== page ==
Expanding Technical Training for Middle Class Jobs. Additionally, in order to spread the availability of high-quality and innovative programs like those in Tennessee and Texas, which achieve better than average completion and employment outcomes, the President is also proposing the American Technical Training Fund. This fund will award programs that have strong employer partnerships and include work-based learning opportunities, provide accelerated training, and are scheduled to accommodate part-time work. Programs could be created within current community colleges or other training institutions. The focus of the discretionary budget proposal would be to help high-potential, low-wage workers gain the skills to work into growing fields with significant numbers of middle-class jobs that local employers are trying to fill such as energy, IT, and advanced manufacturing. This program will fund the start-up of 100 centers and scale those efforts in succeeding years. Smaller grants would help to bring together partners and start a pilot program. Larger grants would be used for expanding programs based on evidence of effectiveness, which could include past performance on graduation rates, job placement rates and placement wages. Building on the President’s community college initiative, known as the Trade Adjustment Assistance Community College and Career Training Grants and for which 2014 was the final year of funding, these funds will help community colleges become more job-driven.

Building on State and Local Programs.  In the past year, Tennessee and the City of Chicago initiated free community college programs.  In the first year of the Tennessee program, 57,000 students representing almost 90 percent of the state’s high school graduating class applied for the program. The scholarship is coupled with college counseling, mentorship, and community service that early evidence suggests supports greater enrollment, persistence and college completion.  This is coupled with efforts to spur innovation and improvement by funding colleges using performance outcomes based on student success and an innovative approach to career and technical education through the Tennessee Colleges of Applied Technology.  These Tennessee Tech Centers have a graduation rate of 80 percent and a job placement rate of 85 percent.

Building on a Record of Progress. Since taking office, President Obama has taken steps to expand federal support to help more students afford college, while calling for a shared responsibility in tackling rising college costs. Key achievements include:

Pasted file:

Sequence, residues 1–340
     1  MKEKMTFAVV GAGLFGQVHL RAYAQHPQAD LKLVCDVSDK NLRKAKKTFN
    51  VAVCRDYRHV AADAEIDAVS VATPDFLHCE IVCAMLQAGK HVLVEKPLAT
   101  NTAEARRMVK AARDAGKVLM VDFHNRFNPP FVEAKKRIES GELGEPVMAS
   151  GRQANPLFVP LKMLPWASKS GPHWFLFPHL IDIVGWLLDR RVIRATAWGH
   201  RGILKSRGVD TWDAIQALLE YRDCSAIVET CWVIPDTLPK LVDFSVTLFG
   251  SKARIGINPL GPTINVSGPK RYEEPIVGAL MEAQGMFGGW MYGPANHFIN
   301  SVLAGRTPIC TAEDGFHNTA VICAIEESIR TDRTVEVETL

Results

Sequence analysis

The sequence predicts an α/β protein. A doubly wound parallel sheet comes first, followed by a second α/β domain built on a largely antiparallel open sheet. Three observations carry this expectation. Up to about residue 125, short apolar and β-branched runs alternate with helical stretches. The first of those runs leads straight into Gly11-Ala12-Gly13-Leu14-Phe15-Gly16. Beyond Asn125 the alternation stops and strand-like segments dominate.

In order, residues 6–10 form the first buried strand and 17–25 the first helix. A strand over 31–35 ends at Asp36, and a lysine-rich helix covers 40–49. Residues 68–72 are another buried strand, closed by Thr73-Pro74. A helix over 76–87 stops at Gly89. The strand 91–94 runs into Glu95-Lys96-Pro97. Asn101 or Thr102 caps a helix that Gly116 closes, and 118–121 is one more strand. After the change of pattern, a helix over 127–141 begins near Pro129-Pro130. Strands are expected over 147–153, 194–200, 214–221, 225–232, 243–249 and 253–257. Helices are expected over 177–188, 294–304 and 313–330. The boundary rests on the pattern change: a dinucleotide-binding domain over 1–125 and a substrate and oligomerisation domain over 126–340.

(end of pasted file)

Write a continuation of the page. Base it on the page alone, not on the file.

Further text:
Doubling the Investment in Pell Grants: The President has raised the maximum Pell Grant award to $5,730 for the 2014-15 award year — a nearly $1,000 increase since 2008. The number of Pell Grant recipients has expanded by 50 percent over that same time.Expanding Education Tax Credits:President Obama established the American Opportunity Tax Credit in 2009 to assist families with the costs of college, providing up to $10,000 for four years of college tuition.Pay-As-You-Earn Loans: All new borrowers can now cap loan payments at 10 percent of their incomes. The Department of Education has begun the process to amend its regulations and will make the new plan available on all direct loans by December 2015. We expect it to benefit up to 5 million borrowers.First in the World Grants: In September, the Department of Education awarded $75 million to 24 colleges and universities under the new First in the World grant program to expand college access and improve student learning while reducing costs.College Ratings Program: The Department of Education continues to develop a college ratings system by the 2015-2015 school year that will recognize institutions that excel at enrolling students from all backgrounds; focus on maintaining affordability; and succeed at helping all students graduate with a degree or certificate of value.Job-Driven Training Grants:Through the Trade Adjustment Community College and Career Training program more than 1,000 institutions have received $2 billion in federal funding to design education and training programs, working closely with employers and industry that prepare workers for jobs in-demand in their regional economies, such as health care, information technology and energy. These programs have shown early success — through the end of FY2013, among the nearly 164,000 individuals who had enrolled in these programs 88 percent either completed a program or continued the program into a second year.White House Summit on Community Colleges: In October 2010, the President convened community college leaders, faculty and students; business leaders; philanthropic organizations; and other workforce development experts for the first White House summit dedicated to the role that community colleges play in our efforts to increase the number of college graduates and prepare those graduates to lead the 21st century workforce. Center for the Analysis of Postsecondary Readiness: Last August, the Department of Education launched a new $10 million Institute for Education Sciences-funded Center for the Analysis of Postsecondary Readiness (CAPR) that is working to strengthen the research, evaluation, and support of college readiness efforts across the nation. CAPR is documenting current practices in developmental English and math education to identify innovative instructional practices that improve student success.Call to Action on College Opportunity: Last December, the President, Vice President, and First Lady joined college presidents and leaders of non-profits, foundations, and other organizations to announce over 600 new commitments to produce more college graduates. Community colleges made commitments individually, and in partnership with neighboring school districts and four -year institutions, to build seamless transitions among institutions, develop clear educational and career pathways, implement strategies to increase student completion of STEM programs, and establish more accurate measures of student progress and success.